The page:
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How to Manage Growth as a Construction Business


There are certain problems which business leaders look forward to having. You might receive too many outstanding candidates for a vacant position, and have to turn a few away.

You might find that your product is selling far better than your most optimistic projections, and that you’re having to disappoint customers. Somewhere near the top of this hierarchy of good fortune are business leaders whose organisations are prospering, and who have an opportunity to grow rapidly. But how can construction businesses manage their growth, and thereby avoid the problems associated with rapid expansion?

Invest in the Right Equipment

Buying cheap tools will cost you in the long run. Investing a little extra in something that’s custom-made to your specific requirements, using the One Key system, will help to ensure that jobs are done more quickly, and that mistakes are eliminated.

Create the right Hiring Procedures

The people who work for you will have a major say in what makes your business tick. But as you expand, your time will become limited. You’ll be unable to involve yourself personally in every hiring decision. For this reason, it’s essential that you get across to your middle-management the qualities that you’ll be looking for, and the places that you’ll be advertising. Perform regular reviews to check that these hiring practices are being adhered to. Without the right staff, your business will be unable to prosper – no matter how large or small it might be.

Create the right Culture

Once you’ve gotten your people into place, you’ll need to instil a culture that drives excellence. That means identifying cases where corners are cut and holding those responsible to account. As a construction firm, you’ll live or die based on your reputation; if that reputation suffers as a result of shoddy workmanship, your business will suffer.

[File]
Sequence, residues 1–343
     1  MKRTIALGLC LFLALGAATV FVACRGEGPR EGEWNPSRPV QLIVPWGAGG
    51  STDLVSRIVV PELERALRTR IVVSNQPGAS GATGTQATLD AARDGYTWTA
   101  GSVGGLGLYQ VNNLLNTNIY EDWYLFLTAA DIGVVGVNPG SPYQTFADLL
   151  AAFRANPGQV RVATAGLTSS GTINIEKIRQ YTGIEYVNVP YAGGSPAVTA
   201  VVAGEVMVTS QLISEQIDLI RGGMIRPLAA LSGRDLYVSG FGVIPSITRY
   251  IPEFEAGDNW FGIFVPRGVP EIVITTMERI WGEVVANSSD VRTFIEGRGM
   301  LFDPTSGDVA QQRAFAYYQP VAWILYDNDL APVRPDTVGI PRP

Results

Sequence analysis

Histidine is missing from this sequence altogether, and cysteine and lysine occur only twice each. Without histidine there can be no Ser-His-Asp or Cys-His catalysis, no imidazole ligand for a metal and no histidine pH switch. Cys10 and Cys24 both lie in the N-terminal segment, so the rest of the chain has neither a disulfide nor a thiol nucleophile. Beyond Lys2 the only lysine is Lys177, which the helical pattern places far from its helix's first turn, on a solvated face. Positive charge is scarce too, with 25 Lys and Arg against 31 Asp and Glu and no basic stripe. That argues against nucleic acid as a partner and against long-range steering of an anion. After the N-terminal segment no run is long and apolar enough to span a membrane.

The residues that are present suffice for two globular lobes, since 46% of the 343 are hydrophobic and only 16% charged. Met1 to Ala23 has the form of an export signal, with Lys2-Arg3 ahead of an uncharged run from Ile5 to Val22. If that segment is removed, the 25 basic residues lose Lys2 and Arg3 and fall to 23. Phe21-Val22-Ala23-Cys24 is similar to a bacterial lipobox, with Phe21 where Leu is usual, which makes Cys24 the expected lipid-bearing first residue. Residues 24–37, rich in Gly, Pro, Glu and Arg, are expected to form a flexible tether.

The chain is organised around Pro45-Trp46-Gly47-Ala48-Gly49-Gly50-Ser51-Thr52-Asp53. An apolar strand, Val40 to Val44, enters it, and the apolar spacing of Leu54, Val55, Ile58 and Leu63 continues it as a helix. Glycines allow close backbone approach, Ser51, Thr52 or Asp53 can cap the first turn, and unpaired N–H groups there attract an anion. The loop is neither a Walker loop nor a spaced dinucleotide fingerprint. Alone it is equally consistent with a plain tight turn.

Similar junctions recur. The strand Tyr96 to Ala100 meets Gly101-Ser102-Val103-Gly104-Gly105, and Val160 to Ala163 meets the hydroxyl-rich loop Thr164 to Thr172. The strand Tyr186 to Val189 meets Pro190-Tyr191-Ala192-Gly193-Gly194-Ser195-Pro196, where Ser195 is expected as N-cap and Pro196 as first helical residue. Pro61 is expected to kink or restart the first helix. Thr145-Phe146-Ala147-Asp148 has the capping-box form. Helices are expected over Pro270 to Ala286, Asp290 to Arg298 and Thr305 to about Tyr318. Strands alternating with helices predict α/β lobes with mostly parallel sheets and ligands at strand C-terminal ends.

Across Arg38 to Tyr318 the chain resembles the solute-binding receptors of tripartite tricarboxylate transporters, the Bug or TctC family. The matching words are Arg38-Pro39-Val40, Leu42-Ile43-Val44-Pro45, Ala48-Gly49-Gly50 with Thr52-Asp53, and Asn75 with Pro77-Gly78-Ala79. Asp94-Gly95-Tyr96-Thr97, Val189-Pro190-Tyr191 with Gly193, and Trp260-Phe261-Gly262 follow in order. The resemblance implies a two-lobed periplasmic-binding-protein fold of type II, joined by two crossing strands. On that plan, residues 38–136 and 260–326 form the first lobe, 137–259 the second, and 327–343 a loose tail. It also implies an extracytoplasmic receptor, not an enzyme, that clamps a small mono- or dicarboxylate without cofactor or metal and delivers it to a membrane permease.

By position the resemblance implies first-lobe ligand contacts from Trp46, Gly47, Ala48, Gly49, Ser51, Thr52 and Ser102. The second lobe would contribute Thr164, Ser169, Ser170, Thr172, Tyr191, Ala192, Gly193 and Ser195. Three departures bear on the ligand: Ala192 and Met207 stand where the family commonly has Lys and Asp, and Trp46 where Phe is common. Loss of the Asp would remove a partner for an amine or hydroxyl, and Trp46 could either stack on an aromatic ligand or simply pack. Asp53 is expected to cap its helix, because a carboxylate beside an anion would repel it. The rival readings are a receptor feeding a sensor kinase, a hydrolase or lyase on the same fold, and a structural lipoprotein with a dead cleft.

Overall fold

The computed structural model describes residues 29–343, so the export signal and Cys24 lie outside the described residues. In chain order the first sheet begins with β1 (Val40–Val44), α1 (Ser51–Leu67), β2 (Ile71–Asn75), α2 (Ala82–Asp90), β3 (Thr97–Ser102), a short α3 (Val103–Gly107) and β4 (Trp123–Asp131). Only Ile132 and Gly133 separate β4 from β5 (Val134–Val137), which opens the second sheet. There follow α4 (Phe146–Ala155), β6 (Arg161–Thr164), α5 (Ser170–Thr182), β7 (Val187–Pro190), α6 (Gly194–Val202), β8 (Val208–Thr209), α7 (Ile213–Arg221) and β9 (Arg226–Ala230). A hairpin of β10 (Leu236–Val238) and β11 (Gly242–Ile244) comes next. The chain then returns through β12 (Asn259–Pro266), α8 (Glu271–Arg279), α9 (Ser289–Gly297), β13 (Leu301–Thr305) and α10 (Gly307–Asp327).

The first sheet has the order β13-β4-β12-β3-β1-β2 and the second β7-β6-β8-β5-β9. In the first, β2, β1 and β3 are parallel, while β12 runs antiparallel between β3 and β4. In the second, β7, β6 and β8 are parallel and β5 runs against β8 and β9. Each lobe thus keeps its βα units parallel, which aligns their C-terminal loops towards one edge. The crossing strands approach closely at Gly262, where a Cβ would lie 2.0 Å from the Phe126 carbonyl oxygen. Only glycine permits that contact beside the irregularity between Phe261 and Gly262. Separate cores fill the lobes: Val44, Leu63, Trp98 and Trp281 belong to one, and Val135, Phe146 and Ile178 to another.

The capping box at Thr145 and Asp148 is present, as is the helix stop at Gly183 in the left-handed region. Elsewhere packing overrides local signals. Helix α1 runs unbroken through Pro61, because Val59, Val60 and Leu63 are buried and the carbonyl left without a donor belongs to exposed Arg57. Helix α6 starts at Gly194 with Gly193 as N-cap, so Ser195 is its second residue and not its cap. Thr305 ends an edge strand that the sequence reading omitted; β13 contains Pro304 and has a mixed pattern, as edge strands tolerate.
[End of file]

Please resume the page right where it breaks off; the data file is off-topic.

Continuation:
Support your Workers

At the same time, there’s no point in insisting on excellence if your practices don’t support the health and safety of your workforce. Sleep deprivation is a common occurrence in the workplace, and on a construction site it can cause serious harm. But it’s the lower-level lack of concentration that’s more insidious. In terms of its impact on performance, sleep deprivation can be compared to drunkenness – and should be treated with similar intolerance.

There’s nothing inherently wrong with upscaling a business rapidly. If the demand is there, as it was for Zoom’s teleconferencing service in early March 2020, then the opportunity cost of delaying would have far outweighed the cost that haste might have incurred.

Still, for most businesses, growth is something to be managed. Grow too quickly, and you might end up putting into place practices, procedures and personnel which ultimately restrict you in the long-term. For construction firms, these concerns are especially pressing, as investment in substandard equipment and staff might quickly cause mistakes.


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